This Scandinavian smörgåstårta (Sandwich Cake) has always fascinated me! Now I know why…it’s because I’m 16% Scandinavian and 100% positive I wanna make and eat one of these things. Same for Rose Hip Soup because I love a LOT of things and one of these things is EATING FLOWERS. I love eating flowers. Eating flowers makes me feel like a really adorable little animal. Flowers are delicious.

JAM BAND ALERT! I’ve watched the VH1 Documentary where Dave (Matthews) & Trey (Anastasio) Go To Africa a billion times, Dave singing with Orchestra Baobab. Dave is South African. The reason Dave Matthews Band is my favorite band is because their music has always sounded like World Music, to me.

I love African music (love Orchestra Baobab, esp. this song b/c it is my jam.) and Irish music and I listen to a lot of world music anyway. Especially in the summer. Sometimes I hear African music and Irish music or Spanish music and I get hungry. I connect the things in my brain and although I’m slow to be travel-adventurous, I do so love to cozy up in an ethnic restaurant and try new things, listen to new things, open my mind to new things. I love speaking Spanish, hearing Spanish. I grew up traveling a lot across the United States, been to Canada and Mexico, but not so much to other countries or overseas. That being said, DEAR WORLD I AM READY NOW. I wanna go so many places! I want to go on an Outlander tour of Scotland. My husband found out he’s mostly Scottish, which makes sense because I adore Scottish men, Scottish accents, Jamie Fraser. And also, I want to drink in an Irish pub and go out to dinner in Barcelona. Everything, so many things.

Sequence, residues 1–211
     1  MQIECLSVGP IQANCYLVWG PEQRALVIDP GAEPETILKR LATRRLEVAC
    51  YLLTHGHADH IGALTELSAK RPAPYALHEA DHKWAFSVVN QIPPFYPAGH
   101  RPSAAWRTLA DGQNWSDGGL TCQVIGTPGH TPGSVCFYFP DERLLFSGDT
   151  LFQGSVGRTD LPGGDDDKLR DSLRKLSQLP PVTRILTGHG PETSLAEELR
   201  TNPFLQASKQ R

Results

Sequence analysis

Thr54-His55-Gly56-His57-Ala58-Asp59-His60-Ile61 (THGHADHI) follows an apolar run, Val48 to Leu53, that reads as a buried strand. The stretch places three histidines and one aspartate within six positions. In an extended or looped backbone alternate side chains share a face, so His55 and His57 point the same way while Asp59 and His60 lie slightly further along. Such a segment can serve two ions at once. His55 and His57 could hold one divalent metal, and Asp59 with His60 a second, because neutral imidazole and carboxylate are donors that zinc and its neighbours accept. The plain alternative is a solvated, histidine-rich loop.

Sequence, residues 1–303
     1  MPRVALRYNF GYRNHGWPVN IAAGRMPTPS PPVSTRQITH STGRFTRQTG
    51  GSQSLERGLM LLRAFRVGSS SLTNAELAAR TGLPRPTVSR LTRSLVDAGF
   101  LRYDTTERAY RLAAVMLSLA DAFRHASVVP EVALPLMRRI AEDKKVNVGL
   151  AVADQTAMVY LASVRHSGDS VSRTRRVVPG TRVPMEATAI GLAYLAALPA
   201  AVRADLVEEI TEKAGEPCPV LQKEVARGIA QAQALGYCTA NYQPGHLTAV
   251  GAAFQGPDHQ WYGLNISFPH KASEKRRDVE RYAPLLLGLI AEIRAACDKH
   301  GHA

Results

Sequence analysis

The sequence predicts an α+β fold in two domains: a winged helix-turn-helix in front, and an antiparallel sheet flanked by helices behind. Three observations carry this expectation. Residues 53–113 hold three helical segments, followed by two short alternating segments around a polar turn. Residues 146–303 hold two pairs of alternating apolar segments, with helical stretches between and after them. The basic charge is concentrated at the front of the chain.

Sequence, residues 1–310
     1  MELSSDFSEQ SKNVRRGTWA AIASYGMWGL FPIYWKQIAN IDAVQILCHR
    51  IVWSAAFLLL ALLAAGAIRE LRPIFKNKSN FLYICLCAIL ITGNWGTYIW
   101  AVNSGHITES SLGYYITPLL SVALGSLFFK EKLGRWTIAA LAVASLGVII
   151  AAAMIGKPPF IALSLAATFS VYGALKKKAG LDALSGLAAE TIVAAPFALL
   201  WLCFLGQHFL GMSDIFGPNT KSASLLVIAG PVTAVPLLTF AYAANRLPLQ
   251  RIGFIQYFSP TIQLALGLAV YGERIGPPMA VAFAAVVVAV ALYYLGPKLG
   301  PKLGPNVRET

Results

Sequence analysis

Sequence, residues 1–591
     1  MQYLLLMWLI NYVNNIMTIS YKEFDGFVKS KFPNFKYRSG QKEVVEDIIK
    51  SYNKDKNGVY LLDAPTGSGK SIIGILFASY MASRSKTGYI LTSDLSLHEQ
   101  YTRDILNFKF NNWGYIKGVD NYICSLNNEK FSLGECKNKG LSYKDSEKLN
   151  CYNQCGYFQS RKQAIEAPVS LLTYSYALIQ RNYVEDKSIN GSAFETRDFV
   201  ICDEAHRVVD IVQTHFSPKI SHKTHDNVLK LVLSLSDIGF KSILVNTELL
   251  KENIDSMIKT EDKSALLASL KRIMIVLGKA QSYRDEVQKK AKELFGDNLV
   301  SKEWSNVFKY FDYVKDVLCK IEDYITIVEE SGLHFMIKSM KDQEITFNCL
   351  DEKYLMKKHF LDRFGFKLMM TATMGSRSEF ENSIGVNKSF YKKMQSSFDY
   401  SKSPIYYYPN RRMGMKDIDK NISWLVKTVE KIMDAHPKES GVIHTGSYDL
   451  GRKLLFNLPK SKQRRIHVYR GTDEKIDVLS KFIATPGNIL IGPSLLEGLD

The United States is such a baby and I want to see and touch old, old, old things. Places and history and humans completely different from me, the same too. I was once white-knuckled about branching out but now I’m so wide-eyed about it and the only thing truly holding me back are the travel funds. But we save and plan and dream big dreams. Lord willing, I’ve always pictured my husband and I as traveling missionaries when we get older. Maybe go and live here and there and hang out with people and sometimes not hang out with people and sometimes just drive and drive to the west in a fancy RV with deep-freeze air conditioning. And I don’t mean to get sentimental everytime I write one of these (yes I do) but honestly there is so much to see and do in the world and so little time to do it and I want to see it and I want to do it.

Leesa Cross-Smith
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About The Author

Leesa Cross-Smith

Leesa Cross-Smith is a homemaker and writer from Kentucky. She is the author of Every Kiss a War and Whiskey & Ribbons. She is also the editor of WhiskeyPaper.